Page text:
e it's annoying. Everyone picks on the "tombstone" headlight on the R1200ST but DAMN this thing kicks ass for night time riding! Both lights illuminate on high, and even with stock bulbs it's BRIGHT! Both bikes had front turn signals integrated into the front fairings with amber bulbs under clear glass. For rear lights, both stock tail/brake lights are sufficiently bright and easy to see. The Ducati had amber rear turn signals on goofy stalks that looked out of place with the side bags removed. The BMW has clear rear turns with amber bulbs on mini stalks that are nicely styled into the rear of the bike that look fine with or without bags in place.
Ducati - 992cc L-Twin, 102hp @ 8750rpm, 68.6 lb-ft @ 7250rpm
BMW - 1170cc Boxer Twin, 110hp @ 7250rpm, 84.8lb-ft @ 6000rpm
Both bikes fall more on the sport side of the sport-touring compromise. Neither are sport bikes with bags, but they are nowhere near slow or underpowered. The Ducati felt a little more lively leaving a stop, but the tractor like torque of the BMW is intoxicating. You can forget to downshift and the BMW just pulls you through curves like a Kenworth. Both have been into the 120+ mph club with me and neither one had any problems getting, or staying, there. The BMW seems less affected by strong headwinds and both were about the same with strong cross winds. The BMW is being ridden like I stole it, and is getting excellent fuel economy. Probably around 55mpg-ish. The Ducati was always steady in the mid to high 40's. Overall in terms of power as an attribute, they are both amazing machines, but I prefer the BMW. The Ducati was EXTREMELY touchy in terms of RPM. Get it under 4k and it felt like an old dump truck bucking and heaving. The BMW has been down around 2k under load and not one ounce of "jitteriness". Both applied power in an almost electric like fashion, but the clear torque advantage of the BMW is very tough to overcome.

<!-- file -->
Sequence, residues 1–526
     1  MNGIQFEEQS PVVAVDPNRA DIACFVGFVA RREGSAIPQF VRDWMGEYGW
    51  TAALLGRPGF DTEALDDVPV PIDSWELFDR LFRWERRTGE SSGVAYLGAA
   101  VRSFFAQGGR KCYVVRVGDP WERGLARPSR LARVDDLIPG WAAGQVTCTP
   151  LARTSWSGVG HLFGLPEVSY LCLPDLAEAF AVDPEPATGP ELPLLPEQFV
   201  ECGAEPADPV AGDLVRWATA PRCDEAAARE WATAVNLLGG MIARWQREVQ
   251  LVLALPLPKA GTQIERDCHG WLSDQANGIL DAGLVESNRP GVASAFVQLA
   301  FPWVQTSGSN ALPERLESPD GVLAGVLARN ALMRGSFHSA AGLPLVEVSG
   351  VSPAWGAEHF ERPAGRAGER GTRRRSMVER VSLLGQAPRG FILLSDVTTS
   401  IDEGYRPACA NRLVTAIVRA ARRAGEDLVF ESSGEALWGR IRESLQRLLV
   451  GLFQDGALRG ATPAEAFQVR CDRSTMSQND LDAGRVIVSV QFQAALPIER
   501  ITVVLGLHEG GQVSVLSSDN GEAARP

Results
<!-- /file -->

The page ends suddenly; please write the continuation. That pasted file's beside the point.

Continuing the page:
This one is a clear win for the Ducati. Both are 6 speeds with adequate spacing, including a high enough 6th gear to allow 90+mph slabbing to be drama free affairs, but the Ducati is in another league when it comes to smooth gear changes. The BMW is decidedly "clunky", which upon some research seems to be a BMW trademark. I have read A LOT of "they are all like that" comments on various forums. I don't doubt it's ruggedness though, as there are thousands of R1100/1150/1200 bikes with over 100k miles out there and no one seemed to have specific transmission issues. Not counting the spline issues that seem to have hit the 1150's the most.